Samuel Merritt, M.D., (1822-1890), one of the first mayors of Oakland—a physician, shipbuilder, philanthropist, early regent of the University of California, founder of Merritt Hospital (now part of Summit Medical Center) and a founding trustee of the Mountain View Cemetery Association.
“People like author Frank Norris, artist Thomas Hill, architects Julia Morgan and Bernard Maybeck, captains of industry such as powerful railroad builder and banker Charles Crocker…all made their contributions to the shaping of a nation’s frontier.” – Source
“As Americans moved westward, man had achieved dominion over the land, overcoming hardships and nature to continue the march to California. But as man triumphed over his environment, he also came to question his place in nature. Mountain View Cemetery is an outgrowth of this contemplation.” – Source
“Mountain View Cemetery is distinguished from other cemeteries by its architect’s vision of man and nature and their relationship to each other. Mountain View Cemetery serves as an example of the American search for a civilized life in harmony with the environment.” – Source
“The historic Cemetery master plan was designed by renowned landscape architect Frederick Law Olmsted — the architect of New York City’s Central Park, Capitol Grounds in Washington D.C., Stanford University, and Yosemite Park (he minimized the intrusion of man on Yosemite’s natural wonders) — Mountain View Cemetery was intended to express a harmony between man and the natural setting.” – Source
There are over 177,000 souls buried here.
Buried in the exclusive and long-sold-out hillside tract known as Millionaire’s Row are some of the folks who built, made, acquired and stole to make the Bay Area the place it is today. The names carved into the granite vaults, family mausoleums and marble slabs — Crocker, Ghirardelli, Merritt, Kaiser, Maybeck, Bechtel — were the forces to be reckoned with before the shuffling-off-the-mortal-coil thing happened.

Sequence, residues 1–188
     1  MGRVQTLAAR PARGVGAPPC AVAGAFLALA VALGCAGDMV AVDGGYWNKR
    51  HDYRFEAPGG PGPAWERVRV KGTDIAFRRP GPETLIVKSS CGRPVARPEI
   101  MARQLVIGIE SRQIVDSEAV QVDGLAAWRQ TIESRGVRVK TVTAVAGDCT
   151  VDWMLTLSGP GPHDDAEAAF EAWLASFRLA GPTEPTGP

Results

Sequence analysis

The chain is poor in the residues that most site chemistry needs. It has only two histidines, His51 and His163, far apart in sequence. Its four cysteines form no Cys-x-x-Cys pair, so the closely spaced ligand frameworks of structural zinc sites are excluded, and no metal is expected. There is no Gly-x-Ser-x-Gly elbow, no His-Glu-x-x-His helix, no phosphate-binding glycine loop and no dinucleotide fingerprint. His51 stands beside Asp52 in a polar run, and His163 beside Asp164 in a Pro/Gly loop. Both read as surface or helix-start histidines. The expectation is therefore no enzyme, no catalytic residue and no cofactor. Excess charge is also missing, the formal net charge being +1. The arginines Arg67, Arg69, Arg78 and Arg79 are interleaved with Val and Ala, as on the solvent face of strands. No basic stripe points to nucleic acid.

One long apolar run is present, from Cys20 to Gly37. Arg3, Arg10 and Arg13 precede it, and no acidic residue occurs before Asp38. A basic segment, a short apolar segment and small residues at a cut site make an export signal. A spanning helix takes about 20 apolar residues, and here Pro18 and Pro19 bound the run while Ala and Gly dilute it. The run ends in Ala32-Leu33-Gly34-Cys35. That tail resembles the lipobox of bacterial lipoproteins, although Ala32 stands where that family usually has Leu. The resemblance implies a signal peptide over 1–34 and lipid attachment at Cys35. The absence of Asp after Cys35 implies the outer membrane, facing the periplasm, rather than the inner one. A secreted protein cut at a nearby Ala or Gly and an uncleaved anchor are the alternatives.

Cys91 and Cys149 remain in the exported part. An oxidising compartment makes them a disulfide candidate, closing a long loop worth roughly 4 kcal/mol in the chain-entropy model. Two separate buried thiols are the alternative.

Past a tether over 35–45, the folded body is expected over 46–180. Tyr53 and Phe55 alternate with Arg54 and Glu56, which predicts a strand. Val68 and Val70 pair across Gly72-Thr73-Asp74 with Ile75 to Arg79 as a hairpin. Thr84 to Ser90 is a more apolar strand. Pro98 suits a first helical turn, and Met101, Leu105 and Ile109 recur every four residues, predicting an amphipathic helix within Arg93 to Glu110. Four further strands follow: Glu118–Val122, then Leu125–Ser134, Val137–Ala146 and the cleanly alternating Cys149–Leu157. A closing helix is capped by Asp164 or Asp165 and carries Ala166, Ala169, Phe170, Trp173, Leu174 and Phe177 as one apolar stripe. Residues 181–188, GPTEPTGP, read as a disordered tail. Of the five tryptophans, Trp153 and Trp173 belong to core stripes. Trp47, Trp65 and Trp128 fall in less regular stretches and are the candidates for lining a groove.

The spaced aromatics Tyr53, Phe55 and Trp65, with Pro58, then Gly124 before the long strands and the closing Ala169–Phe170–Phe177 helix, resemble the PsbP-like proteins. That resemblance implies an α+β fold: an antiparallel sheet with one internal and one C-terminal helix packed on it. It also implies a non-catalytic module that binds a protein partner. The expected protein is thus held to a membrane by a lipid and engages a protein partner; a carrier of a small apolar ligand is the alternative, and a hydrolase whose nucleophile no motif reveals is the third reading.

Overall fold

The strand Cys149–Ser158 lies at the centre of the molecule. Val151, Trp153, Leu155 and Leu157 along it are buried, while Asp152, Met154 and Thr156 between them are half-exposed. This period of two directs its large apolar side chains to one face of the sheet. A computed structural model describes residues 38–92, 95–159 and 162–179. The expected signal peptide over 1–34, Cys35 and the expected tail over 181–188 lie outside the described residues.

Mountain View, unlike other cemeteries, is open to the public for recreational use. Visitors may hike, picnic, sightsee, cycle, walk dogs and even roller-skate and skateboard, if the skating is done “respectfully.”
One of Mountain View Cemetery’s most remarkable monuments remembers Henry Daniel Cogswell, a dentist who made his money speculating on land after the Gold Rush. Cogswell was such a staunch believer in temperance that he donated drinking fountains to San Francisco and Oakland. In 1870, when Cogswell showed the cemetery fathers the design for his monument, they were so impressed that they gave him the grave plot for free. In return, he paid $1000 for perpetual care.
Cogswell’s monument is a column that rises 70 feet, topped with a crystal star that has turned amethyst in the strong California sun. At the base of the column stand the figures of Faith, Hope, Charity, and Temperance.
Its family tombs range from Egyptian Revival through Romanesque to Gothic. Among the curious elements of the cemetery are its three pyramid mausoleums more then any other cemetery in the U.S. The pyramid mausoleum craze started in the early 1800’s after Napoleon invaded Egypt.
Its 1929 art deco public mausoleum is a thing of beauty.
Stained glass window inside the main mausoleum.
Some of the famous buried here include Domingo Ghirardelii, Oakland mayor Samuel Crocket, railroad tycoon Charles Crocker, Hearst Castle architect Julia Morgan, as well as Elizabeth Short, aka the “Black Dahlia.”
She sure is beautiful.